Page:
>The book Looking at Totem Poles by Hilary Stewart is an eye-opener. First of all I assumed that the totem poles you see in books and on television are all old totem poles. Not true. In fact just the opposite.
I was flipping through the book, checking out all the wonderful totems, when I noticed that the carving dates for the poles in this book are fairly recent dates. Luckily, the author does a fantastic job of explaining why this is so.
Like most native peoples in North America, as soon as white settlers decided they wanted an area, the residents of that ancestral land were forced to move on and to deny their culture as well. In the case of totem poles it meant that quite a few of them were stolen and placed in national museums around the world, thus denying access to these important spiritual creations.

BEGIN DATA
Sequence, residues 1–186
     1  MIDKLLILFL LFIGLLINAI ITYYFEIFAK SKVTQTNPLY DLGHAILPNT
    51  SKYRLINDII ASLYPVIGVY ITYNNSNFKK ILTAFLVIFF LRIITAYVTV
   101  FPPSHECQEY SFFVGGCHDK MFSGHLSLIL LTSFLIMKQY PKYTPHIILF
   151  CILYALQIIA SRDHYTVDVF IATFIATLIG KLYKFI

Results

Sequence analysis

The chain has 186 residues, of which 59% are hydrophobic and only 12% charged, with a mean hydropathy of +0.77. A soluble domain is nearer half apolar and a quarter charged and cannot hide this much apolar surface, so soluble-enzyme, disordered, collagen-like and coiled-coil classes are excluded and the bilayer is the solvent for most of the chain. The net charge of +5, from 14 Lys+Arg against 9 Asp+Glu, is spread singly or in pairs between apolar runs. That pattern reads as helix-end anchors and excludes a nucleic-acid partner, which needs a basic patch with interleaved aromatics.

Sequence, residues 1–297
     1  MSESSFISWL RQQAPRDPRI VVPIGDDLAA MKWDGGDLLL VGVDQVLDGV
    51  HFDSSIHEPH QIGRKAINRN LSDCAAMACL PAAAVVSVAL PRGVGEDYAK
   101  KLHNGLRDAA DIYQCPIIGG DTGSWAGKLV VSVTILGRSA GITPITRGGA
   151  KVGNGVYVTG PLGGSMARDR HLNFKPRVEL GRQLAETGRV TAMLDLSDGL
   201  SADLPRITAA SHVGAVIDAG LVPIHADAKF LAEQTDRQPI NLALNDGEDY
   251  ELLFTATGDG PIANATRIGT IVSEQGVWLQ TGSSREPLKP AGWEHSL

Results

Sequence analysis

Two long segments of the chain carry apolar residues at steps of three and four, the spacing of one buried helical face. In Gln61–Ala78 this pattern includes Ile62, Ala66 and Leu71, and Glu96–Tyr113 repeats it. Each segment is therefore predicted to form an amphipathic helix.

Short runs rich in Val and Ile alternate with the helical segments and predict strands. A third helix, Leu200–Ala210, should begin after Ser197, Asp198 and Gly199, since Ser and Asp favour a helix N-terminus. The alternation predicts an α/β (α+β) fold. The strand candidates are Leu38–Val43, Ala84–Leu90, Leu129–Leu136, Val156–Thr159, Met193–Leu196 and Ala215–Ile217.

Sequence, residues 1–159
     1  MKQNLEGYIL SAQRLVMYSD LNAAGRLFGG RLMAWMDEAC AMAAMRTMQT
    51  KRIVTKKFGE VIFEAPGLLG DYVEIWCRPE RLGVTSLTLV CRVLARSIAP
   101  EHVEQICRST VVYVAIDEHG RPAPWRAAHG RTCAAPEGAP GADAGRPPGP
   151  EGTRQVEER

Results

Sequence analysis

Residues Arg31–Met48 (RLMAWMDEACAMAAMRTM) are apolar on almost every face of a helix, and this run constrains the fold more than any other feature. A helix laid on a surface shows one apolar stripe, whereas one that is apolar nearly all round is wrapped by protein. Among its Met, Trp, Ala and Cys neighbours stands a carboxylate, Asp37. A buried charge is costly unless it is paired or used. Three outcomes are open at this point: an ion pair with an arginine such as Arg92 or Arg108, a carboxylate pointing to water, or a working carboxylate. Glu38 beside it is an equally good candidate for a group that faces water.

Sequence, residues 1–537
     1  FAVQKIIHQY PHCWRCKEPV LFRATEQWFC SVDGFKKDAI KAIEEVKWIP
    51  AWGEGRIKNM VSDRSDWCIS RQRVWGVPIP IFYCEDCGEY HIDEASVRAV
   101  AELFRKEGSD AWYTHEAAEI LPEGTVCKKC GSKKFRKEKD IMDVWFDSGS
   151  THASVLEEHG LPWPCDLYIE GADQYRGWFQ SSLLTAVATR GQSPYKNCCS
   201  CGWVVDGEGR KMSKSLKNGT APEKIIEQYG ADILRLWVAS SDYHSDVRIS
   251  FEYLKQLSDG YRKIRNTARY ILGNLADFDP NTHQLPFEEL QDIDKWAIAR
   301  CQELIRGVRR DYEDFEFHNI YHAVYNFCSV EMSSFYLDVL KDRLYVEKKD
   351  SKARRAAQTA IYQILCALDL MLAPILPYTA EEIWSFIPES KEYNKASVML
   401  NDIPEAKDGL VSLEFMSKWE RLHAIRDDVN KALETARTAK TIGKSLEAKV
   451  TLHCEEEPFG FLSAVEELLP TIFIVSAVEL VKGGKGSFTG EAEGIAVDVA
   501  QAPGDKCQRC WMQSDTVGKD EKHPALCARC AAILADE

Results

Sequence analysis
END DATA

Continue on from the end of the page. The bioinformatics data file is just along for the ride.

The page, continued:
As most people know, totems tell a story. The totem pole tells a detailed story of a particular family’s history. As the totems disappeared from the landscape, so did the stories and those who knew how to carve them. Luckily, past mistakes by the U.S. and Canadian governments were realized, and the traditional peoples of the Pacific Northwest were once again able to enjoy the rich spiritual traditions of their ancestors. Also extremely lucky was the fact that some native peoples had continued on the tradition of totem pole carving (if only in miniature) and were able to pass these skills along to a younger generation. This younger generation of carvers quickly began the work of recreating the totemic scenery of the Pacific Northwest and its native peoples.
The ink drawings and photographs of the totem poles are amazing, as well as, the author’s description behind what these poles mean.